A stroll through the final 12 years of Le Professeur’s time as “the boss”.
While riding the tsunami of success from the Invinsibles season in 03/04, and the six other trophies Wenger and Arsenal plundered since his appointment in 1996, they set out on a bigger adventure as the club announced a new stadium to stand ready in 2006. This is when the final acts of Arsène Wenger’s reign in north London began.
A time Wenger himself described in May 2017 as, “That was, for me, the biggest period of pressure between 2006 and 2014. If you told me today I’d do that again I would say ‘no thank you, I’ll leave that to someone else.’”
It is a tale of a new time, difficult choices, successes and failures, and a surprise ending.
A new time
In the aftermath of the thrilling season finale in 05/06, when Arsenal surpassed Tottenham on the last day of the season to snatch the fourth spot away from their bitter rivals, and reached the Champions League final but lost against Barcelona weeks later, an ominous mist consumed the north London and their new 60,000 seat fortress.
In the following nine years the Gunners experienced a drought of silverware like no other since the 80s. Arsenal’s move to the Emirates came with a hefty price, £390m was the total cost. A mist of staggering invoices from the bank clouded everyone’s vision, and for a certain someone to guide everyone through this new, uncertain time.
Wenger’s past successes proved him to be the undisputed man to show the way. Even the bank wanted guarantees that the Frenchman would stay at the club before funding the new stadium. In this time, as big loans loomed over the Emirates blocking all sunlight, Arsenal and Le Professeur made a bold decision.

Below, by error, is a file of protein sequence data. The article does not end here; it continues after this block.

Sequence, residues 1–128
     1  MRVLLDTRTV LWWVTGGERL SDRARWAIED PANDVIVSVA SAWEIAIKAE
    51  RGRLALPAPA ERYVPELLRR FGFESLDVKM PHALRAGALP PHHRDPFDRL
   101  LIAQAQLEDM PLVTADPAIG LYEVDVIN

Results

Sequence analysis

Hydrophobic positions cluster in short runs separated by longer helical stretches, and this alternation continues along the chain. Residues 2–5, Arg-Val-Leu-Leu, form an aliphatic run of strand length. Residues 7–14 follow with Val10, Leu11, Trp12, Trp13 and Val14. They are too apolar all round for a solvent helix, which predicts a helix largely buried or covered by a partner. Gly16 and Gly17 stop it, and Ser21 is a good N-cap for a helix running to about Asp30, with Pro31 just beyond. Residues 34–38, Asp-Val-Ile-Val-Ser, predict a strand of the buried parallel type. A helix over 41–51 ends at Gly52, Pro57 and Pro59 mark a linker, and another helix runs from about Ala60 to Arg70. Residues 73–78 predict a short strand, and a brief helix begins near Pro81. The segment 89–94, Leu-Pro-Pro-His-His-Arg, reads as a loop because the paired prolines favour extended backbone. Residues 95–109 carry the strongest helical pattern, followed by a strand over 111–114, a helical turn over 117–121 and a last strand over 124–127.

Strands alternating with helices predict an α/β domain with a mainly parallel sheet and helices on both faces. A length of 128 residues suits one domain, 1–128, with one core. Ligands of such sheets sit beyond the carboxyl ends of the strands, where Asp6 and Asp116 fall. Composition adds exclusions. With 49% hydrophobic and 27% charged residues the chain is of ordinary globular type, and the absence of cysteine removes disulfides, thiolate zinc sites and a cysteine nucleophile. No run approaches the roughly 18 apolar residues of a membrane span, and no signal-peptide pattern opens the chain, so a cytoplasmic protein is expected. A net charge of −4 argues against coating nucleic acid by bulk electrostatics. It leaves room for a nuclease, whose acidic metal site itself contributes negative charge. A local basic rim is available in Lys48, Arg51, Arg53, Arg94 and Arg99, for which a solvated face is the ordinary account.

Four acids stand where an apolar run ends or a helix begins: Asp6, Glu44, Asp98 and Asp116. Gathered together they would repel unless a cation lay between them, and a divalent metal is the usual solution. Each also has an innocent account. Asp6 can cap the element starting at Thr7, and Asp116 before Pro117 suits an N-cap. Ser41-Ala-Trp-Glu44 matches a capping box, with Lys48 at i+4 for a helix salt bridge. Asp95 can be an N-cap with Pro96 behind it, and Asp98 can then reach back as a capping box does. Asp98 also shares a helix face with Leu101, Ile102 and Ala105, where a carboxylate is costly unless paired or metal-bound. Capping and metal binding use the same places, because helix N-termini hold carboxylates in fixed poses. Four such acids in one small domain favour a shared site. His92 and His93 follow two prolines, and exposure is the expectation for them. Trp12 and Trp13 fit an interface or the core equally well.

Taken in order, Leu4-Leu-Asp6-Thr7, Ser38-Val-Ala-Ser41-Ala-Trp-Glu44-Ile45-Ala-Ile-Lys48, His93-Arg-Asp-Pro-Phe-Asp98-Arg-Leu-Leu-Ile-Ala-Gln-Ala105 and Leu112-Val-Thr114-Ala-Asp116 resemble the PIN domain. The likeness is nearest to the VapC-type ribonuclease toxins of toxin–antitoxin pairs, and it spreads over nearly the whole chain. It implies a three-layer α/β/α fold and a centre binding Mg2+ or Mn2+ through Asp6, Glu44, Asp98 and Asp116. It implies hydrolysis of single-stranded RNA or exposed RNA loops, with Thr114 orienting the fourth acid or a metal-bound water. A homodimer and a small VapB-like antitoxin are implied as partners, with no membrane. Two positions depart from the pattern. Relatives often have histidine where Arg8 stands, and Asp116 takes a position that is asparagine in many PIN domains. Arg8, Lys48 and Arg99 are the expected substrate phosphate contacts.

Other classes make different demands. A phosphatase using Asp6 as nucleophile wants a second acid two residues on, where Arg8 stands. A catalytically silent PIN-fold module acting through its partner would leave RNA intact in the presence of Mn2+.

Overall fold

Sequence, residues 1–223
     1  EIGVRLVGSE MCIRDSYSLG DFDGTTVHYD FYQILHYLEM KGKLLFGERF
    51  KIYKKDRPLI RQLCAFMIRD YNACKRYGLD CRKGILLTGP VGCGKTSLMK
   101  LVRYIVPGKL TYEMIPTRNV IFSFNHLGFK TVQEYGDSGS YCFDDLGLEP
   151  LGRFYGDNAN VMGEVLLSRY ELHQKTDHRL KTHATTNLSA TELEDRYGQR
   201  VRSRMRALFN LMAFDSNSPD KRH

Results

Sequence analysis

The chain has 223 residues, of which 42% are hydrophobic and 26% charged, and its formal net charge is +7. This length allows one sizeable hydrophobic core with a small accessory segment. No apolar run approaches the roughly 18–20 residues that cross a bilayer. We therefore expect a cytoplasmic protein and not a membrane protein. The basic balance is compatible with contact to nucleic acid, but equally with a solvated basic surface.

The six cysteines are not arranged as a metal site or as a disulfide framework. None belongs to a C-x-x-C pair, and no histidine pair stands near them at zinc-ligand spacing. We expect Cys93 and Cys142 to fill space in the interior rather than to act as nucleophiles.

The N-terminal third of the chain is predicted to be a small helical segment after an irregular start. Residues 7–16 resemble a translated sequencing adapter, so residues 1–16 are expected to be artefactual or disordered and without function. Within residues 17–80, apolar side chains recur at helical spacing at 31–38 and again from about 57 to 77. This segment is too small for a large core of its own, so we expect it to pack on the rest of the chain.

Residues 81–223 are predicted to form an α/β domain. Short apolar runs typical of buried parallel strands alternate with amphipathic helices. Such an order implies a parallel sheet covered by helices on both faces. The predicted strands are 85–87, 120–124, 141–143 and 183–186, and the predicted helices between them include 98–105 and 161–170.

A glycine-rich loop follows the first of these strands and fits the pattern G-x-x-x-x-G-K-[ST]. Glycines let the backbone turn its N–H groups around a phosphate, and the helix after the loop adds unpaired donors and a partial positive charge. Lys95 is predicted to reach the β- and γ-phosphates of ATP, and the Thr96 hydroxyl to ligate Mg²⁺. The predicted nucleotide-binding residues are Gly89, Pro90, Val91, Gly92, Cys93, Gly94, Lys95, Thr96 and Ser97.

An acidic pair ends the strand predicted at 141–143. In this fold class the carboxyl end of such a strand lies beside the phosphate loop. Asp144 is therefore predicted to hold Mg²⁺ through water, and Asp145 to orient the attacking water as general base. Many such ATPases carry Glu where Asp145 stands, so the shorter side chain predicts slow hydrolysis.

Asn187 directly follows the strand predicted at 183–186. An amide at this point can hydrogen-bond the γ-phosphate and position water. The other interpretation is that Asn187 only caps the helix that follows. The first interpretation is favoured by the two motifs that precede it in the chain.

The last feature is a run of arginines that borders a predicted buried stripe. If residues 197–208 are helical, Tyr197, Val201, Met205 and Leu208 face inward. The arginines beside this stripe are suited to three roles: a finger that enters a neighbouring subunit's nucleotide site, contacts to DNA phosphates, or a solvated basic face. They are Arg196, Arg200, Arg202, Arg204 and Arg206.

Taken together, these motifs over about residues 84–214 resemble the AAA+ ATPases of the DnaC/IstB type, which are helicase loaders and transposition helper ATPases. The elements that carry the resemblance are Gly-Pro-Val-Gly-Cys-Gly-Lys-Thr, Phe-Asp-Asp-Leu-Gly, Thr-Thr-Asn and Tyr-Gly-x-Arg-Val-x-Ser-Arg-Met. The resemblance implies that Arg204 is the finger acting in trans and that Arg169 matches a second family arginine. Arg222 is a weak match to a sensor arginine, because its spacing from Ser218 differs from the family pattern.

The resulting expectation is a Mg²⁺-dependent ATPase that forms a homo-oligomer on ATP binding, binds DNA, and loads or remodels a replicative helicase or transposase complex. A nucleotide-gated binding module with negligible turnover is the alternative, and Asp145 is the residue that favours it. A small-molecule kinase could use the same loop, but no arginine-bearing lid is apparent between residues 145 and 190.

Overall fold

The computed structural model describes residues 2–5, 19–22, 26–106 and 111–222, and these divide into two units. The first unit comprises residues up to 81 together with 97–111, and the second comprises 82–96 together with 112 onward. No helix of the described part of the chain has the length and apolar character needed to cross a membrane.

With increasingly faded memories of lifting trophies, Wenger and the Arsenal board chose to pay the bank premiums quickly rather than slowly; let the sunlight beam into the Emirates sooner rather than later. A primary way of doing so was through player sales.
It was a decision that would jeopardise Arsenal’s on-field success, but a decision to be applauded in retrospect. With an ageing squad, Chelsea spending Abramovich’s money like it had a creeping expiration date and bills thick as binders, the time was ripe for a rebuild at Arsenal. A fresh team to complement a new state-of-the-art stadium.
From 2005 to 2008 Patrick Vieira, Robert Pires, Sol Campbell, Ashley Cole, Freddie Ljungberg, Jose Antonio Reyes and their king, Thierry Henry, left the club. And on top of that, Dennis Bergkamp retired.
The consequence of these departures and their choking financial power was Wenger’s new approach: Quickly develop young players for the first team by throwing them into deep water early on, instead of giving the open slots to expensive senior players. Although he was always liberal in giving youth a chance, the more rigid financial structure clearly accelerated this ideology. These three years saw the debuts of Walcott (17 years old), Wilshere (16), Ramsey (17), Song (18), Diaby (19) and Denilson (18). The following three years gave Gibbs (19), Szczesny (20) and Oxlade-Chamberlain (18) their first senior games. All having a long and significant impact at Arsenal.
In this period, Wenger’s friend David Dein, who was instrumental in bringing the Frenchman to the club, left the Arsenal board. A decision Wenger struggled with. Additionally, Stan Kroenke had set his eyes on the club as he bought his first 10% of the Arsenal shares in 2007.
As the club worked hard to shrink the tower of invoices over the years, sunlight slowly became more visible for the people paying the loans but not for the fans watching the games week in and week out from their favourite seat at the stadium or in their living room.
While Arsenal kept paying their loans and the likes of Chelsea and Man United kept out-spending the Gunners, the club’s drought of silverware made the fans increasingly thirsty. Fortunately, the sunlight didn’t quite dehydrate the fans from under the mist for them to crave a remedy for their thirst and fully display their dissatisfaction. Yet.